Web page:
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An initial compre- hensive dental examination should be performed discount avanafil 100mg overnight delivery impotent rage definition, including chief complaint buy generic avanafil 100mg line impotence losartan potassium, health history, intraoral and extraoral examination, and radiographs where appli- cable; then the dentist will recommend a recall sched- 31 INFECTIOUS DISEASE ule as needed dictated by the evaluation. AND THE ATHLETE Oral jewelry has become a recent fad with the youth of this country. Dental professionals are advised to John P Metz, MD give these patients information about the problems that can occur with the jewelry. Dental professionals should also inform patients that INTRODUCTION the jewelry should be removed prior to any contact sporting participation. In a 1989 Runner’s World survey, erosion of the lingual enamel of the teeth, bilateral 60. Neutrophil counts increase with acute intense exer- cise, and several hours later. Long-term moderate IMMUNOLOGY AND EXERCISE exercise seems to elicit an increase in neutrophil activity, but chronic intense exercise seems to sup- The immune system has two parts, the innate and the press it (Woods et al, 1999; Pyne, 1991). The innate, composed of barrier and non- The acquired immune system, mainly T- and B-lym- barrier elements, is nonspecific regarding host phocytes and plasma cell-secreted antibodies, attacks defense. The acquired protects the body against spe- specific foreign particles that invade the body cific infectious agents. Overall lymphocyte counts increase The body’s first lines of defense are physical barriers, with any type of acute exercise. Lymphocyte counts and such as the skin and mucous membranes that can be B-cell function are decreased after intense exercise but impaired by temperature, wind, sun, humidity, and not after moderate exercise (Pedersen and Toft, 2000). Cross-country skiers and cyclists have low base- and mucosal immunoglobulin-A (IgA) activity affect line salivary IgA levels that drop after racing (Eichner, airborne respiratory pathogens (Nieman, 1999). Longitudinal studies of salivary IgA in elite pended until they reach the bronchi and bronchioles swimmers, however, have reported increases where the mucous barrier, rich in IgA, impedes fur- (Bruunsgaard et al, 1997), decreases (Gleeson et al, ther invasion (Shephard and Shek, 1999). Depressed IgA levels have been noted in cross- (Bruunsgaard et al, 1997), male triathletes showed country skiers, cyclists, and swimmers (Eichner, diminished skin test measures of cellular immunity 48 h 1993; Nieman, 1999; Brenner, 1984). There is thus a decreased clearance of infectious peting triathletes and recreational athletes. NK counts (Woods, 1999) and natural killer cell organisms are theoretically more likely to invade the activity (NKCA) (Nieman, 1999) increase immedi- host and cause an infection (Nieman, 1999; Shephard ately after high intensity exercise lasting less than and Shek, 1999; Brenner, 1984; Pedersen et al, 1 h, but fall soon after to below preexercise levels 1996). NKCA is elevated chronically in elite versus untrained athletes (Nieman, 2000), but not with moderate exercise (Woods et al, 1999). Chronic exercise attenuates this Marathon runners have a higher incidence of self- response, but macrophage function is greater than reported upper respiratory tract infections (URI’s) after in nonathletes (Woods et al, 1999). Danish elite orienteers have increased cytokines, like tumor necrosis factor-alpha (TNF- incidence of URI compared to controls (Linde, 1987). High levels of self-reported exercise, occupational, Gleeson (Gleeson et al, 1999) found an inverse corre- and leisure time activities were associated with a lation between pretraining salivary IgA levels and risk 20–30% decrease in the annual incidence of URI of infection in elite swimmers and controls, and pre- in healthy, nonathletic, and middle-aged adults dicted an additional infection for each 10% drop in (Matthews et al, 2002). A similar study of healthy, elderly people noted an infections, however. A follow-up study (Gleeson et al, inverse relationship between the amount of energy 2000) showed no correlation between salivary IgA expended in daily moderate activities and URI levels and infection risk. Runners in short races (5K, 10K, half-marathon) decreased salivary IgA an average of 27. There was a negative correlation found running 16–26 mi a week increased the risk between salivary IgA levels and number of days of ill- of having ≥1 URI compared to running <9 mi a ness and flu symptoms, but not days of cold symptoms. Running 9–16 mi or >26 mi a week con- Studies of immune marker changes with exercise have ferred intermediate risk. Moderate exercise lowers infection risk to below that of being sedentary, while strenuous In premenopausal women, no exercise or a 15-week exercise imposes the highest risk of all (Nieman, walking program made no difference in NK cell 2002). NKCA was significantly increased in the More evidence is needed, however, as the link training group at 6 weeks, but was elevated equally in between moderate exercise and infection is less clear both groups at 15 weeks. Most studies of infection 50% fewer days with URI symptoms, but the same and exercise are relatively small and rely on patient number of separate URIs compared to controls. Also, other fac- NKCA at 6 weeks was negatively correlated with URI tors such as pathogen exposure, stress, sleep, nutri- symptom days (Nieman et al, 1990b). The exercise group, however, had significantly fewer URIs than the control group (3/14 vs. A comparison group of elite elderly athletes had significantly higher NKCA and lymphocyte activity and even fewer URIs (1/12). NKCA and lymphocyte proliferative response were significantly higher in the rowers. Days of self-reported URI symptoms, however, were similar in both groups and did not correlate with immunologic changes. Transillumination and FEVER radiographs of the sinuses are generally not useful (Fagnan, 1998). Analgesics and decongestants in doses discussed all caloric and oxygen demand and insensible fluid above. Nasal saline rinses, 1/ tsp of table salt in 8 oz of 4 increased risk of injury (Brenner et al, 1984). Placing a warm washcloth over (650–1000 mg q 4–6 h) and nonsteroidal anti-inflam- the affected sinus and its corresponding nostril may matory drugs (NSAIDs) like ibuprofen (800 mg TID) also help.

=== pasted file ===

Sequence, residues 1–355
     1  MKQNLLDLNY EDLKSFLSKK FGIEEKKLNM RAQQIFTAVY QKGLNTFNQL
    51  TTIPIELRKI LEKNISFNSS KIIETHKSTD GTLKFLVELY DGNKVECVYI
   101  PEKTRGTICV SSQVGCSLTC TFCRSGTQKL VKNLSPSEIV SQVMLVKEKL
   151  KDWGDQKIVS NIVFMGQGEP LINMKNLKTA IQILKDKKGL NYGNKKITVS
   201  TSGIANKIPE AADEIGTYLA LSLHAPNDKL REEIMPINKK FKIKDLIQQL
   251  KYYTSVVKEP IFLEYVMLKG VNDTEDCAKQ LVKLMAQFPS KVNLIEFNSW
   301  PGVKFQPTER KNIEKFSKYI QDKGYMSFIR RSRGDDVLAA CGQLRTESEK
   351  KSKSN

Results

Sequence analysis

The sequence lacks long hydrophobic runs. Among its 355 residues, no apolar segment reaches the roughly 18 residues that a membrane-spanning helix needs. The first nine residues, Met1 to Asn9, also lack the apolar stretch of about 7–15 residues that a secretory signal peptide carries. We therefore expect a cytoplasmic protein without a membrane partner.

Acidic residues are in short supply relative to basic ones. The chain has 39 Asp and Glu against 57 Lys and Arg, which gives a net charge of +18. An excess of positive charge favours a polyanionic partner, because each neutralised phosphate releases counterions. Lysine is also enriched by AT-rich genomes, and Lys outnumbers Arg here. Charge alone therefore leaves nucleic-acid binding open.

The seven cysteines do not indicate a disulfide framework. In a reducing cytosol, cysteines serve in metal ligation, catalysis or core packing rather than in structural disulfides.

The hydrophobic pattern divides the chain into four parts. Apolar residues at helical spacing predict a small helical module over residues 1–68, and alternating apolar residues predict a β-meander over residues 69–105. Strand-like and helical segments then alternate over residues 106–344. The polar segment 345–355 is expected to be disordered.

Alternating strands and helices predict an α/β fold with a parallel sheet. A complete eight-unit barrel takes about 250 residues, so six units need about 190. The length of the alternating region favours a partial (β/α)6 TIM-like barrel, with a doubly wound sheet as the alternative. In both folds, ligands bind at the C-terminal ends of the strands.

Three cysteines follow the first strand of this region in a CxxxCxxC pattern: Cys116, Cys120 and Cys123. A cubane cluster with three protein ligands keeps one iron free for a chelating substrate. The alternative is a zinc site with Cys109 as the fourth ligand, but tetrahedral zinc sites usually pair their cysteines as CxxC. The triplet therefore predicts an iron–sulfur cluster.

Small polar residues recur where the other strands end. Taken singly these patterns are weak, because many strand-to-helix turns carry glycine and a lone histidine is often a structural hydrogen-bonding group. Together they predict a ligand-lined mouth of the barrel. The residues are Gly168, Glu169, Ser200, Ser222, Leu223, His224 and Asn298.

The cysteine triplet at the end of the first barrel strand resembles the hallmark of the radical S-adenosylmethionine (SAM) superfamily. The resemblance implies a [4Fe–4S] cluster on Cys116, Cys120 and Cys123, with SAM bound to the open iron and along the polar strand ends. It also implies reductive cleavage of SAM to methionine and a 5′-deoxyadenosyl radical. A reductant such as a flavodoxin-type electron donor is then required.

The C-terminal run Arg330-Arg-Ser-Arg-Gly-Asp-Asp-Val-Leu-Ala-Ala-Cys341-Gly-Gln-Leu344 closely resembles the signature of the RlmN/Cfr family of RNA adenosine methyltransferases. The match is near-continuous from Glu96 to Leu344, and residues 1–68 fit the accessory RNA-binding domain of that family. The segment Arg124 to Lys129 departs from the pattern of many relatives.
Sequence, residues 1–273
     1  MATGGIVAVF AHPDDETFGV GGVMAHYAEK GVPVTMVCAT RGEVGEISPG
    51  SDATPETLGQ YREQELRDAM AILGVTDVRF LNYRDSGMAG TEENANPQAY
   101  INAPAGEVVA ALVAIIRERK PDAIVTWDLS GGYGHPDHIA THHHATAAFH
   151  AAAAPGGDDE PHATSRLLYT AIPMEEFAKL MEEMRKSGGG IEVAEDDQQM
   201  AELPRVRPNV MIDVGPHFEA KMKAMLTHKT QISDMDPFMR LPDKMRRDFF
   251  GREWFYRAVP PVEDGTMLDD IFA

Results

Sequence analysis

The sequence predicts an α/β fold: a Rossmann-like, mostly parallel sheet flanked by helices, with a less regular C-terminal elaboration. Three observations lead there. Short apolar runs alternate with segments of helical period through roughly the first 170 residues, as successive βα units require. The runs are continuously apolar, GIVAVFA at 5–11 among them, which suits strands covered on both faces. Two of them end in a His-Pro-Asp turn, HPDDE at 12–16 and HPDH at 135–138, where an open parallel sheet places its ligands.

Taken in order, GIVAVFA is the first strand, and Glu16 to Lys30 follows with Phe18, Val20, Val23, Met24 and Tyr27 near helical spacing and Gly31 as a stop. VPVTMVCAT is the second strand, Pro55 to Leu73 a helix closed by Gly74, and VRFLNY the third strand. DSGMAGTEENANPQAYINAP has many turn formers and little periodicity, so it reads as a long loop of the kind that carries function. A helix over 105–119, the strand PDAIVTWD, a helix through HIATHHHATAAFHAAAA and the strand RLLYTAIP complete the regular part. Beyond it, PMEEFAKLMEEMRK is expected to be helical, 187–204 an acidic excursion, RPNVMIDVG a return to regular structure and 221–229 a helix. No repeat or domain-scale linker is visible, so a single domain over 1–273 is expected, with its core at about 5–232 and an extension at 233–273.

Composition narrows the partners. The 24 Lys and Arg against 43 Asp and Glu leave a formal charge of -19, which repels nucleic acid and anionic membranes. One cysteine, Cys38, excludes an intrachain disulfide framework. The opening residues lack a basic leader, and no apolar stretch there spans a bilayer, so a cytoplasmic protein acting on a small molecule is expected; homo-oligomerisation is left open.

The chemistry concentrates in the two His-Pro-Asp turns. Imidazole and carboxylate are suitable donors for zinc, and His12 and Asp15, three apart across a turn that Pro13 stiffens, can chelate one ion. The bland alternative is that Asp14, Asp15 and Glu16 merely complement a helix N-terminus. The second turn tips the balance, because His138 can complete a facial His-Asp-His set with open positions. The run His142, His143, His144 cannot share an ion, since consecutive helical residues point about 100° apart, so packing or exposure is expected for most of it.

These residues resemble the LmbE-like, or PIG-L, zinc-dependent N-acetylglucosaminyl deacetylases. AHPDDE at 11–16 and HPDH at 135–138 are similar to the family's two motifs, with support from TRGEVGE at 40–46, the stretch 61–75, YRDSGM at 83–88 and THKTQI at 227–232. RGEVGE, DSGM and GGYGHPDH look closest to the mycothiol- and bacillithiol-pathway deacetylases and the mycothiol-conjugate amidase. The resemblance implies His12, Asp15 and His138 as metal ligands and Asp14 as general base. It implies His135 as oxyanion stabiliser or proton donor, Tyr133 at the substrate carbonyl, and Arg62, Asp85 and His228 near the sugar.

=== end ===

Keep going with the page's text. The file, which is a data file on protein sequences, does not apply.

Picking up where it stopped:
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This plate section is exposed to traction forces produced by the patellar ligament buy discount avanafil 200 mg line impotence juicing, which is inserted at this point 200 mg avanafil with visa erectile dysfunction levitra, and can thus be considered as an apophysis from the functional standpoint. In physiological respects, these anterior sec- tions are the last to undergo physeal closure towards the end of growth. Diagnosis Clinical features The tibial head (and thus the proximal epiphysis and metaphysis) is readily inspected and palpated, at least in its anterior sections, thanks to the thin soft tissue cover- ing. Epiphyseal fractures usually lead to hemarthrosis, while metaphyseal fractures, in contrast with the cor- ⊡ Fig. The size is Fractures of the intercondylar eminence correspond to frequently underestimated on the x-ray because of the bony avulsions of the distal anterior cruciate ligament cartilaginous section. Epiphyseal fractures (Salter-Harris types III and IV – The accident mechanism in such cases corresponds to chapter 4. They hemarthrosis and increased anterior tibial translation in occur predominantly during adolescence. The latter is the most sensitive test for ligament lesions or menisci trapped in the fracture gap anterior cruciate ligament lesions: The anterior transla- are often identified only secondarily or during surgical tion of the tibia is tested in the supine patient at approx. The ligaments should not be tested, Compression fractures are stable, are not associated however, after recent trauma, partly because this is a pain- with any misalignment and heal without complications. The following Epiphyseal separations (Salter-Harris types I and II) degrees of displacement are differentiated: are the result of indirect valgus forces or hyperextension ▬ type I: No displacement. The latter produce anterior displacement of the ▬ type II: The fragment is elevated anteriorly like a like a epiphysis, including the tuberosity. As a consequence, the tongue the posterior hinged part is still in contact with now prominent metaphysis may compromise the popli- the tibial plateau. Epiphyseal fractures of the proximal tibia: Avulsion ity (b), epiphyseal fracture without (Salter III; c) and with (Salter IV; d) of the intercondylar eminence (a), avulsion of the tibial tuberos- metaphyseal wedge a b c d e ⊡ Fig. The tibial tuberosity is part of the epiphysis and is also separation without (Salter I; a – lateral view in b) and with (Salter II; detached during epiphyseal separations c) metaphyseal wedge. Usually there is no 3 Metaphyseal bowing fractures of the proximal tibia: genuine correction, rather the proximal and distal epiphy- sis realign themselves horizontally, while the deformity in The initial valgus deformity is usually so slight that it is the shaft grows, resulting overall in an S-shaped defor- easily overlooked if there is no consistent check for split mity. Top priority is accorded therefore to the elimination fractured sections on the medial side and the axial relation- of all primary valgus and varus deviations. If the initial deformity younger than 10 years old, any (rare) deformities of up is left untreated there is a high risk of a progressive valgus to around 20° in the sagittal plane can be left to correct deformity (see below for complications; ⊡ Fig. Avulsions of the tibial tuberosity typically affect ado- lescent athletes after a sudden, strong quadriceps con- Conservative treatment traction or forced knee flexion while the quadriceps is Non-displaced fractures: Initial immobilization in a plaster activated, e. Extra-articular avulsions slab, replaced by an encircling cast after the swelling has are considered to be displaced if there is more than 5 mm subsided, usually after a few days. In all cases a cylinder be differentiated from malignant tumors even on the basis cast is applied for 4 weeks. Young female endurance athletes should be ques- Eminence fractures: tioned specifically about a possible female athlete triad: Type II: The fragment can usually be reduced by anorexia, osteoporosis and amenorrhea are the key ele- closed manipulation with knee extension under im- age intensifier control. Failure to produce a complete reduction may be due to interposition of the anterior horn of the lateral meniscus or, more commonly, the transverse genicular ligament, which can be freed by arthroscopy (⊡ Fig. For multifragment avulsions, sutures may be inserted in the distal part of the cruciate ligament, which are then passed distally through 2 small holes drilled in the tibia and knotted over the proximal tibia. A slight lowering of the avulsed fragment below the a b c level of the surrounding cartilage compensates for the ⊡ Fig. Growth disorder after metaphyseal bowing fracture of plastic elongation of the ligment. The already existing valgus deformity will be exacerbated, the result fixed percutaneously with crossed Kirschner resulting in a unilateral genu valgum wires (⊡ Fig. For epiphyseal fractures, the guidelines for the man- agement of joint fractures apply (⊡ Fig. Displaced tuberosity avulsions frequently involve an interposed periosteal flap. After the flap is freed, the frac- ture is reduced, with the knee extended, and the result fixed by lag screw osteosynthesis. Predominantly perios- teal avulsions of the patellar ligament can be managed by bone sutures, secured if necessary by tension-band wiring (⊡ Fig. Duration of immobilization Three weeks for compression fractures, 4–5 weeks for ⊡ Fig. Treatment of displaced eminence fractures: All patients with a displaced eminence fracture should be investigated arthroscopi- the other fractures. The eminence itself should be reduced is worn until the swelling subsides and the wound has arthroscopically and, wherever possible fixed by an epiphyseal screw (a). Mobilization can then begin immediately on the If this cannot be performed by arthroscopy, the fragment is resecured motorized splint. Because of the potential risk of growth disturbances, subsequent controls are justified for at least 2 years following trauma while the growth plates are still open, excluding compression fractures.